Entertainment & Arts

Croatia drama 3 Winters wins Blackburn Prize

Tena Stivicic Image copyright Getty Images
Image caption Tena Stivicic's play 3 Winters was produced by the National Theatre in London

A play about four generations of women growing up in Croatia after World War Two has won a prestigious playwriting prize for women.

Tena Stivicic received the Susan Smith Blackburn Prize for her sweeping family saga 3 Winters, performed at London's National Theatre last year.

London-based Stivicic was presented with her $25,000 (£16,300) prize at New York's Playwrights Horizons theatre.

She said she wrote it to address the theatre community's gender imbalance.

The 37-year-old, who was born in Zagreb, urged women to write more plays and to write them from a female perspective.

"The problem is we've all internalised this perspective, so it seems perfectly natural to look at the world from the male perspective,'' she said.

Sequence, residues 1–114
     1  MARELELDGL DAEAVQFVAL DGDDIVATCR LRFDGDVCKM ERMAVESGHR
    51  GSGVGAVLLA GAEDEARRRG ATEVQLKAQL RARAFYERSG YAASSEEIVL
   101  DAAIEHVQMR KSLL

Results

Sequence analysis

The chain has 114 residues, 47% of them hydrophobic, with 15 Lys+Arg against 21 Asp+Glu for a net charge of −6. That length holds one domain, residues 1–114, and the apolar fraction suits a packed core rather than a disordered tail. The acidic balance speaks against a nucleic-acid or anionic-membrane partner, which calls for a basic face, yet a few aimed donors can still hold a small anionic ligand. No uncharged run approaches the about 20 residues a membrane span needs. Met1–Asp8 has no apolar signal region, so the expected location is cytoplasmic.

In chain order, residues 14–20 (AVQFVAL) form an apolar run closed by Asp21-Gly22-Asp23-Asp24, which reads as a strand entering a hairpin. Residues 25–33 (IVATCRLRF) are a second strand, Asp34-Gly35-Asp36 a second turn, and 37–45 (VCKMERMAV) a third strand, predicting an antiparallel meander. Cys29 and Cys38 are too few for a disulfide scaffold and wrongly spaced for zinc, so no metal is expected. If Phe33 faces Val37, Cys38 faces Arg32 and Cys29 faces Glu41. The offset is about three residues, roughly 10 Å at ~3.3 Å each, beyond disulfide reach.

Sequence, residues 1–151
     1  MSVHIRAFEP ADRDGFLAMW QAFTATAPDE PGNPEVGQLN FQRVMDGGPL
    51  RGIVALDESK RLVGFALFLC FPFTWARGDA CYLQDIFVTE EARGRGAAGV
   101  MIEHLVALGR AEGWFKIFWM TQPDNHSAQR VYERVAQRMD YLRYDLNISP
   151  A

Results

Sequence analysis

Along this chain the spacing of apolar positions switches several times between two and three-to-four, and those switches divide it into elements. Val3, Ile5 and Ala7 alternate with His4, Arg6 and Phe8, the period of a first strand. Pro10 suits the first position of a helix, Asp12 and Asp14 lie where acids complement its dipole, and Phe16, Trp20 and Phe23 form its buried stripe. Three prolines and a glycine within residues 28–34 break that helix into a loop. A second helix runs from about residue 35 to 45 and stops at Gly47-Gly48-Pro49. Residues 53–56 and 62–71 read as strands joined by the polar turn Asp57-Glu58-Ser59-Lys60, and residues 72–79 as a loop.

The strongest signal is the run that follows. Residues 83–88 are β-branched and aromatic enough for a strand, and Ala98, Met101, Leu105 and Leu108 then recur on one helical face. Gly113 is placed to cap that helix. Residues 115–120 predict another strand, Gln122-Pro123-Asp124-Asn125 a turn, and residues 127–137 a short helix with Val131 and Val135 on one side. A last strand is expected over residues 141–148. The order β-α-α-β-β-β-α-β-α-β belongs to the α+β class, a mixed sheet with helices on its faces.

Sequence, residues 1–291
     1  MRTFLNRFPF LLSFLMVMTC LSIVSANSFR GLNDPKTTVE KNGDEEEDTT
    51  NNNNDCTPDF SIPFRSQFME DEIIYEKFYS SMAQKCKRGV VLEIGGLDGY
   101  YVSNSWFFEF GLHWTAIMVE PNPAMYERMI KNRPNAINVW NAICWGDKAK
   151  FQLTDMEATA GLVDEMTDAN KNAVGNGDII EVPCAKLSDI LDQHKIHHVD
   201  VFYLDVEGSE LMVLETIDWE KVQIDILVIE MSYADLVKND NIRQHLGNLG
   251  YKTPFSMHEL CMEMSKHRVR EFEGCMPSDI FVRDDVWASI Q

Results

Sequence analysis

"It doesn't even occur to us that it doesn't represent life."

Getting heard

Stivicic said she hoped the prize might lead to a New York production of 3 Winters, saying it dealt with many "relatable" themes despite being set in the Balkans.

Actress Rebecca Hall, one of this year's judges, presented Stivicic her prize, which included a signed and numbered print by artist Willem de Kooning.

Hall said that while women account for around 70% of theatregoers in both England and the US, plays by women are far less likely to be produced.

"As an actress working in film and theatre, I know what it's like to struggle to have your voice heard," said Hall.

"This award gives writers a megaphone and we all need to listen."

Image copyright Publicity
Image caption Downton Abbey actress Siobhan Finneran played a lead role in 3 Winters

The prize, given to plays written in English, was created to honour playwright Susan Smith Blackburn, who died of breast cancer in 1977.

Since its inception, eight Blackburn finalists have gone on to win the Pulitzer Prize for drama.

Last year's winner, Lucy Kirkwood's Chimerica, also won the Olivier for best new play as well the Evening Standard's best play award.

British playwrights Alice Birch, Alecky Blythe and Katherine Chandler were among the 11 other finalists, who each won $5,000 (£3,259).

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